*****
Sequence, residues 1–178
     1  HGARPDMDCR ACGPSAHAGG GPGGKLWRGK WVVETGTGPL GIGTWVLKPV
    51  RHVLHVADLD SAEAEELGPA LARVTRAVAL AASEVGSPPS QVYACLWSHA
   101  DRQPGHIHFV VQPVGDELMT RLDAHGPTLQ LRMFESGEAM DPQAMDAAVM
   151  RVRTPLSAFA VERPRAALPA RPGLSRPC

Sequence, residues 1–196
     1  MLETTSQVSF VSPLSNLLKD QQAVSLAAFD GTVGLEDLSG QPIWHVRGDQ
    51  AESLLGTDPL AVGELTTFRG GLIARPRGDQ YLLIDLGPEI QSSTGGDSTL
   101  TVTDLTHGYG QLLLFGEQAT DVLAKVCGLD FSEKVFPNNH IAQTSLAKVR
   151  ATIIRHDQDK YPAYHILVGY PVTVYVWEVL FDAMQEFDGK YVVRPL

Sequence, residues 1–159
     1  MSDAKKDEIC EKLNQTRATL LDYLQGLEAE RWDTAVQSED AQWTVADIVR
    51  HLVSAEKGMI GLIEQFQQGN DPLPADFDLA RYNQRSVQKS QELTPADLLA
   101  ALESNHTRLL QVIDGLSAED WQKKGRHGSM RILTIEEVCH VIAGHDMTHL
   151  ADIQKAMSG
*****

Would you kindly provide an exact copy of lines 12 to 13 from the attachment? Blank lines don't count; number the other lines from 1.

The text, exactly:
     1  MSDAKKDEIC EKLNQTRATL LDYLQGLEAE RWDTAVQSED AQWTVADIVR
    51  HLVSAEKGMI GLIEQFQQGN DPLPADFDLA RYNQRSVQKS QELTPADLLA